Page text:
Many people would have considered it insane for the hugh 60 ft spider to walk right through the middle of this crowd, up through the city centre's streets, and right into the heart of the city's shopping district. However this is exactly what occurred, with the crowd dispersed by the moving cordon around the spider. Local media reported that the scene was more representative of a victory parade of a football team or the crowds attracted by the Beatles to the city centre in their heyday.

The crowd fought for position to get close to the huge spider and to gain the best viewing points as it moved through the city centre. The more knowledgeable members of the crowd dived from one side street to another in order to gain the best viewing points as the spider moved from one location to another. Famously one bride could not get through the crowds to her wedding at the Town Hall and had to be helped through the crowd on foot by the police. The spider's musicians played an impromptu wedding march as they fought through the crowd.

Various set pieces took place along the spider's route, involving smoke, fireworks and water cannon. The spider worked its way towards the main shopping area, passing the new Liverpool One shopping development. The sight of seeing this huge spider walking down the main shopping street of Liverpool was truly a once-in-a-lifetime sight, compared by some to being in the blockbuster film War of the Worlds. When the spider reached the centre of the main shopping street, it was covered by a snow shower from above in order to make it go to sleep. It came to a rest at around 5pm, taking a break before its further exploits that evening.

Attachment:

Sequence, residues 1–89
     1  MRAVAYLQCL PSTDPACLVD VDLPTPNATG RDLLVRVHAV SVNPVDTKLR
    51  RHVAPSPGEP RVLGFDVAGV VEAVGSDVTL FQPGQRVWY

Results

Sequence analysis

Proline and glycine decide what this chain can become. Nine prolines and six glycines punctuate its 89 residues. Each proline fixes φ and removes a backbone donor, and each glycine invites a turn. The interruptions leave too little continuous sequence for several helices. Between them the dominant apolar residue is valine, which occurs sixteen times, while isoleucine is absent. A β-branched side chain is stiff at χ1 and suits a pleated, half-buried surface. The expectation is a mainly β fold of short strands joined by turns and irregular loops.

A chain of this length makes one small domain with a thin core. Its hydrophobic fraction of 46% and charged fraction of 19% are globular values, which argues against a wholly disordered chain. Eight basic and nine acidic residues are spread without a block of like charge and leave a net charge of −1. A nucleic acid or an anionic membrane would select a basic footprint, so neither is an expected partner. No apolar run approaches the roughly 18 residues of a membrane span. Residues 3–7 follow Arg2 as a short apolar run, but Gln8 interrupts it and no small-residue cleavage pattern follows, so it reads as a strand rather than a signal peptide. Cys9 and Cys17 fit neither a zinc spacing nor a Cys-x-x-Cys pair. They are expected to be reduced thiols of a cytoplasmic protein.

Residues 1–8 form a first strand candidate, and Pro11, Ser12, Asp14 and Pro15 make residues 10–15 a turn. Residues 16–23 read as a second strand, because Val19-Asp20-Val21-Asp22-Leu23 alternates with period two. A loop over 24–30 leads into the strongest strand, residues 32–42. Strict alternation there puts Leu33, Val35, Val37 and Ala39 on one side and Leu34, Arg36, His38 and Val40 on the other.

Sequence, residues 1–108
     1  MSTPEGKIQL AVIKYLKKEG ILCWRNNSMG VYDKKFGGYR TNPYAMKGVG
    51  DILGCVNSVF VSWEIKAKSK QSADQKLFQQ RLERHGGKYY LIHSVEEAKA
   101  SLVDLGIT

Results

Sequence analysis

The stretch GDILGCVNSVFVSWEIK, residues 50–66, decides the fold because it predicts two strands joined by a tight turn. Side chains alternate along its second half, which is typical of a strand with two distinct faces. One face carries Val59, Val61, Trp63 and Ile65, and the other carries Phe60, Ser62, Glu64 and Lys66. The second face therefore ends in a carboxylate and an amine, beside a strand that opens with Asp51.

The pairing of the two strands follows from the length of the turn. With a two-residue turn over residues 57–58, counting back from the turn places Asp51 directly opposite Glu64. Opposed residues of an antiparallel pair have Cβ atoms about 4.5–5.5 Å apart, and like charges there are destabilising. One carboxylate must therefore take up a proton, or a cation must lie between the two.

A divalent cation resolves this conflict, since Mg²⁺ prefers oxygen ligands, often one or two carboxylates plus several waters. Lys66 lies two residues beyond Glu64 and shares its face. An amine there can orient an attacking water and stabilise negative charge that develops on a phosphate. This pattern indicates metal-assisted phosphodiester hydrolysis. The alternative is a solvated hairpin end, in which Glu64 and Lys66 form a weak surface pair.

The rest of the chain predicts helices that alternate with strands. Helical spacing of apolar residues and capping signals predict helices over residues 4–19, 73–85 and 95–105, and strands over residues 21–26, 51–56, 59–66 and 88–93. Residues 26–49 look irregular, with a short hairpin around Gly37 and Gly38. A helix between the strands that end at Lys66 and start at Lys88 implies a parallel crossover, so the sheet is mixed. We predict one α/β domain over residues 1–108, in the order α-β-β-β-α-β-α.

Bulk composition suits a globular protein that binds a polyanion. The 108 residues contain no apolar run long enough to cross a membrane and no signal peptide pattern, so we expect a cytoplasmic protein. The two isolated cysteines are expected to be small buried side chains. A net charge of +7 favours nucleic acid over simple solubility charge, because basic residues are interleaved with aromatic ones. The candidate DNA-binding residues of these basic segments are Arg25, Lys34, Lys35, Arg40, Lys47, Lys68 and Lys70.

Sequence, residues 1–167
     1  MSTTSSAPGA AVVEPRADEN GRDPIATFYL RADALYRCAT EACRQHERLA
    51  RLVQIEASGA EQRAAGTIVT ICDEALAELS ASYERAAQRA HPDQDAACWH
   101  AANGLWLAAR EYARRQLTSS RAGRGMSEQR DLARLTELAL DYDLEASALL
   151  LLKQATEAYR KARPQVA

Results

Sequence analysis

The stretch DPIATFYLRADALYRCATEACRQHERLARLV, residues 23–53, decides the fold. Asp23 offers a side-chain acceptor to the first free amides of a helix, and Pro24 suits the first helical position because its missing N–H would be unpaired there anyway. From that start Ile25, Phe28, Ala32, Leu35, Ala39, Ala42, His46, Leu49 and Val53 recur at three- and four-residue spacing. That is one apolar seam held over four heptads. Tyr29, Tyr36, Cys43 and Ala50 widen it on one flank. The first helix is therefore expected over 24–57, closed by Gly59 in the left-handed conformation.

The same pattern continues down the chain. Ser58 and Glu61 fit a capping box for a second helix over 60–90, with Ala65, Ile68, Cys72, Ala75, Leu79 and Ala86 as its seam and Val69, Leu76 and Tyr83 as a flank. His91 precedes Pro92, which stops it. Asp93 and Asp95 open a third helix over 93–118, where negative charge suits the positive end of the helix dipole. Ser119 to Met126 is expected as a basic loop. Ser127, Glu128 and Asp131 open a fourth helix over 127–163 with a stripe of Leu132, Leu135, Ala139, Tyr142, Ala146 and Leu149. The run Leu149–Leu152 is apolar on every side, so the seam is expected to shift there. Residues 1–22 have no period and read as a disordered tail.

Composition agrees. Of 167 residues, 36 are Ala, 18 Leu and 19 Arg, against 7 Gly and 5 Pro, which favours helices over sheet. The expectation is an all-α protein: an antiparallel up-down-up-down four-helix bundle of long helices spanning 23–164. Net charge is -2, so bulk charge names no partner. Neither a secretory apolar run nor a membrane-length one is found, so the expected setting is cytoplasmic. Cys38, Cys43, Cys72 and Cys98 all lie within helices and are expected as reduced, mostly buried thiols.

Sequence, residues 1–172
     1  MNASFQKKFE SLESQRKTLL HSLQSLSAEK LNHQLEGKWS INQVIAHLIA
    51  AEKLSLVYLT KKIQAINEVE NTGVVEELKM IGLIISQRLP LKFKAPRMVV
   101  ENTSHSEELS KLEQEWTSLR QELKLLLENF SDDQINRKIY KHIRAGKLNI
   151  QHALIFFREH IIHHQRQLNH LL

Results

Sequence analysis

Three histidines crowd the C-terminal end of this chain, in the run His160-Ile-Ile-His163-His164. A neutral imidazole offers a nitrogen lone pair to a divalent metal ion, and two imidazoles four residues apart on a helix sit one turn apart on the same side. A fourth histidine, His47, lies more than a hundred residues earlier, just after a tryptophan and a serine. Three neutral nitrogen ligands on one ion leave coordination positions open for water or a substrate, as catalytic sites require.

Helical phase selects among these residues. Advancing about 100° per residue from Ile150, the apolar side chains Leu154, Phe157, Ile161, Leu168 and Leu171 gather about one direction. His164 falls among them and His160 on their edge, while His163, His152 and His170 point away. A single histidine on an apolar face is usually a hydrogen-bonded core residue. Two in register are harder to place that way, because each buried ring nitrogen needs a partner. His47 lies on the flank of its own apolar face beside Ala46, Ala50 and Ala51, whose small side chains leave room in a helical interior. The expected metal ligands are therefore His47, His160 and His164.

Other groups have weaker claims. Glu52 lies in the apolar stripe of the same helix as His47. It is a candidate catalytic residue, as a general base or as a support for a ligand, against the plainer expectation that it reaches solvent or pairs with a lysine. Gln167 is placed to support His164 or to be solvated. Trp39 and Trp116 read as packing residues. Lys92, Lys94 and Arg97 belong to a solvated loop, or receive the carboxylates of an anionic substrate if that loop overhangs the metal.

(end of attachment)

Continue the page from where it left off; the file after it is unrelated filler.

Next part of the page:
The City Fights Back[edit]

The next chapter of the story involved the city fighting back and attempting to halt the path of the invading spider. At 7:30 pm it awoke and continued to move up the main shopping street, Church Street. When it reached the top of the street it was met by a barrage of flame cannons. These consisted of long copper pipes, fired with high pressure gas. The heat and noise produced by this halted the spider in its tracks, while a mechanical digger moved in to attempt to fell the beast. The spider then changed its path to escape this and moved upwards towards Lime Street.